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Bimodal echolocation in pipistrelle bats: are cryptic species present?

Jones G, et al. Proc Biol Sci. 1993.

Abstract

The pipistrelle bat Pipistrellus pipistrellus is the most widespread in Europe, and is often the most abundant bat species in northern and central Europe. P. pipistrellus has traditionally been considered as one species throughout Europe. Here we show that: (i) the echolocation calls of pipistrelles fall into two distinct frequency bands in Britain, with frequencies containing most energy averaging 46 kHz and 55 kHz; (ii) roosts consist of bats which use only one form of echolocation; (iii) small but significant differences in average gross morphology exist between the phonic types; and (iv) the two phonic types occur in sympatry over much of Britain. Recordings made from European populations show that bimodal echolocation is also typical of continental pipistrelles, with only one phonic type found in some areas, two types in sympatry in others. The sympatric occurrence of two phonic types, the lack of mixing of types between colonies, and the morphological divergence between phonic types suggests that P. pipistrellus may actually consist of at least two cryptic sibling species. The evolution of bimodal echolocation in bats is discussed, and a model involving disruptive selection is presented to show how sympatric speciation may occur.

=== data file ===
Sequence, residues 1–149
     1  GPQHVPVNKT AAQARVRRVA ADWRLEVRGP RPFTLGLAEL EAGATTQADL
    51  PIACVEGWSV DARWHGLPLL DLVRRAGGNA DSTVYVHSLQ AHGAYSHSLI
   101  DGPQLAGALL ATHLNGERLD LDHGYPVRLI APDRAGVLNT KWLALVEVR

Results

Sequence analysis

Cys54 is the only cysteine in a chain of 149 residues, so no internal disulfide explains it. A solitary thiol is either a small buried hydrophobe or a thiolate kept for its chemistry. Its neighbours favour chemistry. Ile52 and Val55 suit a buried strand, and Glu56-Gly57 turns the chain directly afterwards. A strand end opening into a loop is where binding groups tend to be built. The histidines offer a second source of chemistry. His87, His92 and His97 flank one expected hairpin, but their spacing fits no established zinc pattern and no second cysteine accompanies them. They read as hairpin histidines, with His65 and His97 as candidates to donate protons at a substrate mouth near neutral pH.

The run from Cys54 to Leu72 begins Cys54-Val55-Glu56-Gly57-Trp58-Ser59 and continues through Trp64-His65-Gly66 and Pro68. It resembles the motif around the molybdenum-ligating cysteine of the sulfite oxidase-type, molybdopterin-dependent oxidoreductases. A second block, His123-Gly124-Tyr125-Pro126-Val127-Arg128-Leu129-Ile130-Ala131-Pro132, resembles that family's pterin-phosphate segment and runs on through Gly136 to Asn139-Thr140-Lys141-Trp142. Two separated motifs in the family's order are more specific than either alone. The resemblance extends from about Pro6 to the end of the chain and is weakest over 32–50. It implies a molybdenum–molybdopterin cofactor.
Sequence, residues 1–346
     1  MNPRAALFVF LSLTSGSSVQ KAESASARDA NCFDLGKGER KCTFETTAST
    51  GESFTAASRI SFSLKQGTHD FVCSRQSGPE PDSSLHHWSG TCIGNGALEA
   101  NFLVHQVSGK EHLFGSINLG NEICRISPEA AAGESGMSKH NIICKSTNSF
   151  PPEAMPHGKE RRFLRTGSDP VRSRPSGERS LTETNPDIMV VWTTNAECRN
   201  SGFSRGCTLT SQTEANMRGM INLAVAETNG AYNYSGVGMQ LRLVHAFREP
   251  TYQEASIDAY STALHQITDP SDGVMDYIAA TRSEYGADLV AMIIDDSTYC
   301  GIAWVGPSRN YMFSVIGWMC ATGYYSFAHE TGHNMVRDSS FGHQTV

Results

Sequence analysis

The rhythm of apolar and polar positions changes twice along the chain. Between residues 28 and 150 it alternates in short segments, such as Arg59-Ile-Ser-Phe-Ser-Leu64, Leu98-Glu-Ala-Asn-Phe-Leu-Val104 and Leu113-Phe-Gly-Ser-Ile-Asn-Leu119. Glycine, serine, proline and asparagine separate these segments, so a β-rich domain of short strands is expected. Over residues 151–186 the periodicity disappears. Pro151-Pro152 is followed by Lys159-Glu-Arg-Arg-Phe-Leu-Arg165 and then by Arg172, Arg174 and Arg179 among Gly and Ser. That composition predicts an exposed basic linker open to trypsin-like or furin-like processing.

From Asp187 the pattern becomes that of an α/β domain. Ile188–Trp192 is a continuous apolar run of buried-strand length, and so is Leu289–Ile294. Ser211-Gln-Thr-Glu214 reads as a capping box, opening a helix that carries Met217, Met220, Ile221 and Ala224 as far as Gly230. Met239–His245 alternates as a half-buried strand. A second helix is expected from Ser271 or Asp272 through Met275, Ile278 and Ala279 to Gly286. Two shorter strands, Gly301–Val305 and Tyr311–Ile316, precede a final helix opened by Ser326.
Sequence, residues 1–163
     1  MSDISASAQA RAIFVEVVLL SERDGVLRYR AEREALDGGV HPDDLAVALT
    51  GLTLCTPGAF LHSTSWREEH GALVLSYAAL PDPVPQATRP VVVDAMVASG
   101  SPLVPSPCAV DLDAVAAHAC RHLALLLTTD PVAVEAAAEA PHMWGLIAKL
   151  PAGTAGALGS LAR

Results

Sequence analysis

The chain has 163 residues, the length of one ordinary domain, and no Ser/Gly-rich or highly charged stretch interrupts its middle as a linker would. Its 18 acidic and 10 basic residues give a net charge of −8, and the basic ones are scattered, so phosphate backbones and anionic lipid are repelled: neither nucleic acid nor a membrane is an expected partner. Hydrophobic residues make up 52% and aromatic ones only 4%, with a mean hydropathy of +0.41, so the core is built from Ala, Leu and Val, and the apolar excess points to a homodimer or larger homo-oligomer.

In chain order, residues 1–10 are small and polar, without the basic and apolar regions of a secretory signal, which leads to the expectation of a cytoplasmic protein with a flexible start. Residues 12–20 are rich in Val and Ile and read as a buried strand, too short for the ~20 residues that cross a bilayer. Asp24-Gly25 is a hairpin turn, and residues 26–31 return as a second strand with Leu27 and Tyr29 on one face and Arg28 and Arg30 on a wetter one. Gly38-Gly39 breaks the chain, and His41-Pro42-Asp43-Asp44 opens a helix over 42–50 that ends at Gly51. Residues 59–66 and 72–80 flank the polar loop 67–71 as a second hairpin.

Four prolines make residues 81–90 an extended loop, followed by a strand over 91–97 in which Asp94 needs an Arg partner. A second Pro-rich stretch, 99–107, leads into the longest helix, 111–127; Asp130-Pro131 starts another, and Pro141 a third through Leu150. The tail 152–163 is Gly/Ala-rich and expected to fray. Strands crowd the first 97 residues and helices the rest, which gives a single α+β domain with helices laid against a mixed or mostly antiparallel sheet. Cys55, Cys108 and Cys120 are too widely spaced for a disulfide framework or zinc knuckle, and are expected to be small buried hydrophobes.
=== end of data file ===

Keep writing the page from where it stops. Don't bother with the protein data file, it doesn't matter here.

PMID

8096079 [Indexed for MEDLINE]

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